This fashionable false consciousness is not a problem of the media alone. A few years ago, at an official dinner in London, I was seated next to an Asian 'community leader' who had been raised to a peerage by the Labour government. For nearly an hour I was subjected to a passionate discourse on the ingrained racism of the British establishment. Some of her observations were pertinent, but some of her grudges were so fanciful that I couldn't contain myself any longer. 'If Britain is so disagreeable,' I remarked, 'Why do you continue to live here'
It was the wrong thing to say in a Britain that is infuriatingly sensitive to its so-called ethnic minorities. Having internalized its self-image as a multi-racial and multicultural island, there is an insidious fear among 'white' Britons of being dubbed racist. At one level, the new social norms have helped Britain adjust to the realities of post-imperial life. However, its flip side is the reinvention of British nationhood. The three pillars on which modern Britain was constructed ' the Crown (a euphemism for social hierarchies), the Church of England and the Conservative Party ' have been so hideously disfigured that old certitudes have been subsumed by permanent confusion. One manifestation of this is the squeamishness over Englishness. It is ok, for example, to be Scottish, Welsh, Irish or even a Londoner, but the assertion of English identity is perceived to be outside the realms of respectability. Therefore, when the prime minister, Tony Blair, talks about upholding 'our way of life' in the face of a terrorist threat, it is often greeted by either cynicism or studied incompre- hension.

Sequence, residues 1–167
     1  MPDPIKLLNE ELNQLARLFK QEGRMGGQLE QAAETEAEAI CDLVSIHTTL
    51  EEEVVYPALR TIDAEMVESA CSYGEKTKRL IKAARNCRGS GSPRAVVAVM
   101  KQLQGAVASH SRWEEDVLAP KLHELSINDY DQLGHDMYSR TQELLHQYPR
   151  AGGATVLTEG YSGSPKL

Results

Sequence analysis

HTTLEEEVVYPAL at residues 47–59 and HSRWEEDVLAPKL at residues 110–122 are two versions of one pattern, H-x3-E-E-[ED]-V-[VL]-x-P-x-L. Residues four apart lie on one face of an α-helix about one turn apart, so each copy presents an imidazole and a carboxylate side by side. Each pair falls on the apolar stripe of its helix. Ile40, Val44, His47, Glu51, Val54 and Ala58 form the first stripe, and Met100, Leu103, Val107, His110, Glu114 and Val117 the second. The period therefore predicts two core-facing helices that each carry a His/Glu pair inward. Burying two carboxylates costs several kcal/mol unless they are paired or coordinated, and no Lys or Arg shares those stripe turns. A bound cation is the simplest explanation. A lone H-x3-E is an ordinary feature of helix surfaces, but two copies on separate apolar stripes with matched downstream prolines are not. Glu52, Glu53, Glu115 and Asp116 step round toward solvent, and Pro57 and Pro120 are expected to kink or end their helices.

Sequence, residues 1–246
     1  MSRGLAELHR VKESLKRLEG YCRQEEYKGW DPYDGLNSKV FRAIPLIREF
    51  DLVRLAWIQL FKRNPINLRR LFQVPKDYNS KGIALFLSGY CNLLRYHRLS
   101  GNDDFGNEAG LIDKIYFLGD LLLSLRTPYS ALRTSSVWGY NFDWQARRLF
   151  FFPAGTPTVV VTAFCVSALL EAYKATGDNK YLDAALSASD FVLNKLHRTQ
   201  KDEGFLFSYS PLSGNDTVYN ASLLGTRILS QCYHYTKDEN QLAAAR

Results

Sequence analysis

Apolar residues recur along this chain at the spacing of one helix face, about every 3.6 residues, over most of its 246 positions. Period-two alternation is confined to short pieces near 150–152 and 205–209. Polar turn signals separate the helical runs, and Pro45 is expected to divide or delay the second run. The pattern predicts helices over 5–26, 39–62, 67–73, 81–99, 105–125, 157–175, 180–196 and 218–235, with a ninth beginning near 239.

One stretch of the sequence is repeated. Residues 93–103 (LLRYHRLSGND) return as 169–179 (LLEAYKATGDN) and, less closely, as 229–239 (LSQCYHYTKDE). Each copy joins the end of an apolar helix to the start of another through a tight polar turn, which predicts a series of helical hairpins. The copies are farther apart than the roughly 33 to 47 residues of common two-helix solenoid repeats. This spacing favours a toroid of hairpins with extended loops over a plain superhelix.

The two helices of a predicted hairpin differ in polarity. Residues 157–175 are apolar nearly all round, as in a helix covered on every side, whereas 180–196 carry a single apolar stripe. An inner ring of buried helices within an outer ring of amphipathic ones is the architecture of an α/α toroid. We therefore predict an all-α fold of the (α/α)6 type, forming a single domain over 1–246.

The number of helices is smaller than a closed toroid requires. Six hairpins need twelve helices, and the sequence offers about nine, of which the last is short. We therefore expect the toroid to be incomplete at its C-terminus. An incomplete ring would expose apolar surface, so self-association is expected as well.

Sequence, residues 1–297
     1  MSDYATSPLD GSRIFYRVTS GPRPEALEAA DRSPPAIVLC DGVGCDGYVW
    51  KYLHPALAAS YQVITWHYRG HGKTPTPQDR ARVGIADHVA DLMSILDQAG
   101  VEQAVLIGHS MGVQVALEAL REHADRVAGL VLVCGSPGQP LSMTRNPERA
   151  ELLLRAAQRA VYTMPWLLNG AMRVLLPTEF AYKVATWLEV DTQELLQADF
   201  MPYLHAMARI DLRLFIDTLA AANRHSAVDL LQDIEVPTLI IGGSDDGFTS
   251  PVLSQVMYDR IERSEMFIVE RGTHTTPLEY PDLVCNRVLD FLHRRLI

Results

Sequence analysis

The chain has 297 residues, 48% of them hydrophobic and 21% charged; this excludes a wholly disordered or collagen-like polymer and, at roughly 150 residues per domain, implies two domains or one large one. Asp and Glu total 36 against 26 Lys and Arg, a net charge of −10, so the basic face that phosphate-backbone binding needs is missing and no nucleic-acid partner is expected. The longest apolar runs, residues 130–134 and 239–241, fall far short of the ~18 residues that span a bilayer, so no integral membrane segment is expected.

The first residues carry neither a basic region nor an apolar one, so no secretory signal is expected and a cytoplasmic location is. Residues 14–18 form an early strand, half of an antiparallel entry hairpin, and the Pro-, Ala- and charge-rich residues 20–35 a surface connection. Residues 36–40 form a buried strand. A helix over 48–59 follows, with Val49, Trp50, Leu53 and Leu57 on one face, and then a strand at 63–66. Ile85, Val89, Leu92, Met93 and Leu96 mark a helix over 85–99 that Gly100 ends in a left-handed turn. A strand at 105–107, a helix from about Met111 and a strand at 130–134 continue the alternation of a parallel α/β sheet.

In the rush to be all things to all people, Britain has allowed itself to be guilt-tripped into self-flagellation. For at least a decade, it was becoming obvious to most observers that radical Islam was emerging as a threat to both social harmony and national security. Rather than confront it head-on, the post-Margaret Thatcher establishments pursued a policy of appeasement. They overlooked the fact that the issue wasn't one of Muslim alienation caused by inadequate opportunities. The problem was ideological. Inspired by networks built around neo-literate maulvis in ethnic ghettos, thousands of British-born Muslims rejected every tenet of Western civilization. Their demand was the destruction of the West.
These were acts of treachery which no country should have tolerated. Unfortunately, overwhelmed by post-imperial guilt, the social theorists of Cool Britannia fell back on moral relativism. The values that once saw Britons creating the world's mightiest empire were unceremoniously junked. In such a void where being British meant nothing in particular, the medieval certitudes of radical Islam offered a grotesque alternative. From finding comfort in a community of others who had rejected the West from within, to the emergence of cricket-loving suicide bombers, was but a small step. It was not an inevitable progression but one which was facilitated by a dominant culture of self-deprecation.
Yet, all doesn't seem to be lost for Britain. The ghastly tragedy of 7/7 saw Britain responding with enormous dignity and resilience. The world applauded the return of the stiff upper lip and the gritty business-as-usual spirit. The British, it used to be said, are at their best in adversity. The imagery invoked last week was that of the Blitz ' a time when courage and determination were laced with a sense of humour and the tune of 'There'll always be an England'.
That was the Britain India re-sisted but admired. That was the Britain the world glimpsed on TV after the terrorists struck. That was the Britain the Indian prime minister saluted from Oxford. He may have ruffled some nationalist feathers at home, but it was nothing compared to his monumental rebuff to the peddlers of post-imperial Angst. Singh spoke for India but his message was for Albion.